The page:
ADALBERT (ADELBERT, ALDEBERT): Frankish bishop; contemporary of Boniface (q.v.). He is known only from the letters of Boniface, who was his bitter opponent, and from the accounts of the proceedings instituted against him for heresy, which represent him as a dangerous misleader of the people, a skilful impostor, and arrogant block-head, who thought himself equal to the apostles, declared himself canonized before birth, and claimed the power of working miracles and of re-mitting sins. It is said that he pretended to have a letter from Jesus, which the archangel Michael had found in Jerusalem, and other relics brought to him by angels. He disregarded confession, not thinking it necessary for the remission of sins, and planted crosses and founded chapels on the hills and by the streams, inducing the people to come thither for service instead of going to the churches of the apostles and martyrs. In his prayers un-known and suspicious names of angels were found. At the instigation of Boniface two Frankish synods (744 and 745) deposed Adalbert and condemned him to penance as a "servant and forerunner of Antichrist." A Roman synod confirmed his sentence and added excommunication. In 747 a general Frankish synod received a command from the pope to apprehend Adalbert and send him to Rome. The major domus, Pepin, burned his crosses and chapels; but the people seem to have sympathized with their bishop, who did not acknowledge the authority of his judges and who was not allowed to defend himself. His fate is unknown. Mainz tradition relates that he was defeated in a discussion with Boniface, that he was imprisoned at Fulda, and was killed by a swineherd while trying to escape. Opinions concerning him differ. Some look upon him as mentally unsound, as an impostor, or as a fanatic. Others see in him, as in his countryman Clement (q.v.) among the East Franks, freedom from Rome, an opponent of the romanizing tendencies of his time, and a victim of the ecclesiastical policy of Boniface. A. WERNER.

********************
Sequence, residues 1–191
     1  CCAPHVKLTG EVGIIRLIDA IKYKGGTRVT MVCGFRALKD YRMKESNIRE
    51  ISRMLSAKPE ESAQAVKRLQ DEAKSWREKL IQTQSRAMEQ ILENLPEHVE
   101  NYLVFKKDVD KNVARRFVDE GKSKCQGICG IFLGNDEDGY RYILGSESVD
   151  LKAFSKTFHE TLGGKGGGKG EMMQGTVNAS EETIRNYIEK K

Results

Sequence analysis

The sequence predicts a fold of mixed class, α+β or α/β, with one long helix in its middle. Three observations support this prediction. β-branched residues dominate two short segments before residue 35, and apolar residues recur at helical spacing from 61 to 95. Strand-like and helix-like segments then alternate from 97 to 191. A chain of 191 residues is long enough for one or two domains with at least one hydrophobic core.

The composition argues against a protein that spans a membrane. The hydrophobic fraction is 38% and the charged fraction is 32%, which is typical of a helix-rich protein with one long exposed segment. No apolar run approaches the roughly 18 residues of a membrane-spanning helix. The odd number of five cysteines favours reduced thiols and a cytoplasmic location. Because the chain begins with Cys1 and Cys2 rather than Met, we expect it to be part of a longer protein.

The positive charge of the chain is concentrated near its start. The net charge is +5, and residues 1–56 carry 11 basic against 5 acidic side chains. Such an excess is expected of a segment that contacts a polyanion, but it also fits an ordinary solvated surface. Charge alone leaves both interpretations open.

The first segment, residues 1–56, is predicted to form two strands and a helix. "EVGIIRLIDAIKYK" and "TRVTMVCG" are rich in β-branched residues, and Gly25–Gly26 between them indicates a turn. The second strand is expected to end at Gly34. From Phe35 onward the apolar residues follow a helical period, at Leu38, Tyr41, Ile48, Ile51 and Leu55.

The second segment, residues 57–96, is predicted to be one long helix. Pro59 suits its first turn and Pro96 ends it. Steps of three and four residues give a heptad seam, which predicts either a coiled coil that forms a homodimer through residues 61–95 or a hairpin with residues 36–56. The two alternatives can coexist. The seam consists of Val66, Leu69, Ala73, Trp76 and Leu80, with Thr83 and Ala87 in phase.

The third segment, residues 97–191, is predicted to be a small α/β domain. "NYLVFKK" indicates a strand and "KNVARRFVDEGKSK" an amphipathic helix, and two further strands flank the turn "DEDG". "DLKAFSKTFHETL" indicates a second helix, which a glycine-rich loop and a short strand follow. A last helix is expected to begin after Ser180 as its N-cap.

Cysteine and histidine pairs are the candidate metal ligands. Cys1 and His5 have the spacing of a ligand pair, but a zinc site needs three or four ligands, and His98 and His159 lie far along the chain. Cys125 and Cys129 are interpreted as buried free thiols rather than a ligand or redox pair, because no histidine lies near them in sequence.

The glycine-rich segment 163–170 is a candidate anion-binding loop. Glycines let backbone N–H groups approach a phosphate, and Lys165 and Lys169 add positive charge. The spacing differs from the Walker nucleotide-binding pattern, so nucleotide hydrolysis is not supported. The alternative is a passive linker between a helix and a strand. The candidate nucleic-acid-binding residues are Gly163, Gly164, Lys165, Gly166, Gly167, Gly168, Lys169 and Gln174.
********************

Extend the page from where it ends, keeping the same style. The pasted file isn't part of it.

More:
BIBLIOGRAPHY: Rettberg, i. (1846) 314-317, 368-370; H. Hahn, Jahrbucher des frankischen Reichs, pp. 67-82. Berlin, 1863; Boniface, Epistolae, in Jaffe, Monumenta Moguntina , 1866; J. H. A. Ebrard, Die iroschottische Missionskirche der sechsten, siebenten, und achten Jahrhunderten, pp. 341, 432-434, Gutersloh, 1873; A. Werner, Bonifatius, pp. 279-297, Leipsic, 1875; DCB, i. 77-78; Hauck, KD, i. (1904) 507-513.